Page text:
David Paulson, spokesman for the Maryland attorney general's office, said the state will resurrect the issue of federal jurisdiction. State officials contend the Maryland Court of Appeals justices didn't consider a federal law governing sex offenders.
The state attorney general's office maintains that Haines should not have been removed from the sex offender registry because the federal Sex Offender Registration and Notification Act requires him to be on it "irrespective of whether he can be obligated to register under Maryland law," according to a previous motion state lawyers filed.
The federal law was created when the Adam Walsh Child Protection and Safety Act passed in 2006. It spells out "minimum standards" for sex offender registration and notification across the United States, according to the Department of Justice.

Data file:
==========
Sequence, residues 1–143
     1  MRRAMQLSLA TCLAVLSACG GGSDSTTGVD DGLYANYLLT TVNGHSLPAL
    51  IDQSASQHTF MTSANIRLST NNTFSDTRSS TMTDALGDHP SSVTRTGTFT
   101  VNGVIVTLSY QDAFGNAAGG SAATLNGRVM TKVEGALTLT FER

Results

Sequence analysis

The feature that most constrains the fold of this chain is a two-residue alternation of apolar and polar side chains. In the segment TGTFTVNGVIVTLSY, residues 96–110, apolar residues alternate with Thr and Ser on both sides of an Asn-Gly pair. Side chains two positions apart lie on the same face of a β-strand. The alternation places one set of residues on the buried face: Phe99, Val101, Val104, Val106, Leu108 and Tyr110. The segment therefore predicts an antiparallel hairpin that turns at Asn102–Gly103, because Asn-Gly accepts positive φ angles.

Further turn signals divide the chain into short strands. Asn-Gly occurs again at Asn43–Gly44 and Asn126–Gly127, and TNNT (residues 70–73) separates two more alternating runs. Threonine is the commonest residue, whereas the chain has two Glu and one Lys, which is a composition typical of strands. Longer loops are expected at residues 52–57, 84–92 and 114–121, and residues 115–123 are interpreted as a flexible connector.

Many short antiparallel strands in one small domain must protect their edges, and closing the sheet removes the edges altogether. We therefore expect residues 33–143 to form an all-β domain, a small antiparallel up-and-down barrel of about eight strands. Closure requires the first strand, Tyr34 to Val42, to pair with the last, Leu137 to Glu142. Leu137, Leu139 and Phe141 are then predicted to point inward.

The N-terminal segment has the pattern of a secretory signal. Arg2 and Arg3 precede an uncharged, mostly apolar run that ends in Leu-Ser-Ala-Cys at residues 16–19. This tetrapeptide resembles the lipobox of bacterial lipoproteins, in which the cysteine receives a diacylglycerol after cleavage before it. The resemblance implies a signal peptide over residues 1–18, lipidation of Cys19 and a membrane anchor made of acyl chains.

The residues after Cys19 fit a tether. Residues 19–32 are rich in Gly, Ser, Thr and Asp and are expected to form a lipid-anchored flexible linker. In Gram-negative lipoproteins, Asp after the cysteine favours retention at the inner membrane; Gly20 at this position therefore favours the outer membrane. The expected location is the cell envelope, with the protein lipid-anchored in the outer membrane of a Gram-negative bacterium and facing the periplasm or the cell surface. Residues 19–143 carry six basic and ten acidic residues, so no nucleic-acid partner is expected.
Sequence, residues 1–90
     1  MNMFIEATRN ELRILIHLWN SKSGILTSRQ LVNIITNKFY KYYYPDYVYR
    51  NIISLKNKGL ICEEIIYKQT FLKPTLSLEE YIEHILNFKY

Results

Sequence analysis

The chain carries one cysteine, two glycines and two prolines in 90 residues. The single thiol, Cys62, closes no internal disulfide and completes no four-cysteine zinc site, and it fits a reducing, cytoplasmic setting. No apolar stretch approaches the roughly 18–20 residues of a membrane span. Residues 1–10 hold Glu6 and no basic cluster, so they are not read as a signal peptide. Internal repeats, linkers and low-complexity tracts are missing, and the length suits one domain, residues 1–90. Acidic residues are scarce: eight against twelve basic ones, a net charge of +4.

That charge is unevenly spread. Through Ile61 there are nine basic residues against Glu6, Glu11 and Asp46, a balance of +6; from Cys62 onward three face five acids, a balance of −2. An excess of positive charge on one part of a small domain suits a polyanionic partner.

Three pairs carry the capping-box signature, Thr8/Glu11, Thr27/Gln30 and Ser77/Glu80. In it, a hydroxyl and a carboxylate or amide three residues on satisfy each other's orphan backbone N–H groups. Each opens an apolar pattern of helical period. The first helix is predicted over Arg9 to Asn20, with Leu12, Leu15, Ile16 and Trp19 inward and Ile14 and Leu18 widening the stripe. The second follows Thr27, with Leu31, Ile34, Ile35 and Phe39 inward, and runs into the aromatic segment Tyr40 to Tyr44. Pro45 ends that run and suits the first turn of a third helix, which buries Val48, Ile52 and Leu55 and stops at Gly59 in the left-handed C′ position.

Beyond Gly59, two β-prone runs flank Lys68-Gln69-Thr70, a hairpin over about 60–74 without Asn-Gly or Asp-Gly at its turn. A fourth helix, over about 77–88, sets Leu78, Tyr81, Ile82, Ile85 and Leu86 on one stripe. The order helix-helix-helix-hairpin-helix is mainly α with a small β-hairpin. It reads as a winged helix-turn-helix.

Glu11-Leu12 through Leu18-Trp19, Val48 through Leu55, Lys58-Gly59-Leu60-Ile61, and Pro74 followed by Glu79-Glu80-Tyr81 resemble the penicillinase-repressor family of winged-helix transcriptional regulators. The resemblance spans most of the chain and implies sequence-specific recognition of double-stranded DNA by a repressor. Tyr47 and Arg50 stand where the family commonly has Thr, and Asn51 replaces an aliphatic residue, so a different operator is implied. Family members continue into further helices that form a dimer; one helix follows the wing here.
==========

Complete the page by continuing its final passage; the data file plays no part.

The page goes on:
The law expanded the range of offenses that require registration, forced sex offenders to make periodic in-person appearances at law enforcement agencies and changed the required minimum duration of registration for sex offenders, according to the justice department.
The state attorney general's office argued that Congress wanted to create a "nationwide public safety system" to ensure all sex offenders register.
Binetti said even if state registration requirements don't apply to people convicted of sex crimes, the department must adhere to the federal law.
Forster has said she doesn't believe the federal law supersedes any state laws or rulings and that the federal act has provisions governing when state and federal registration laws conflict.
The state, Binetti said, will let the appeals process "play itself out."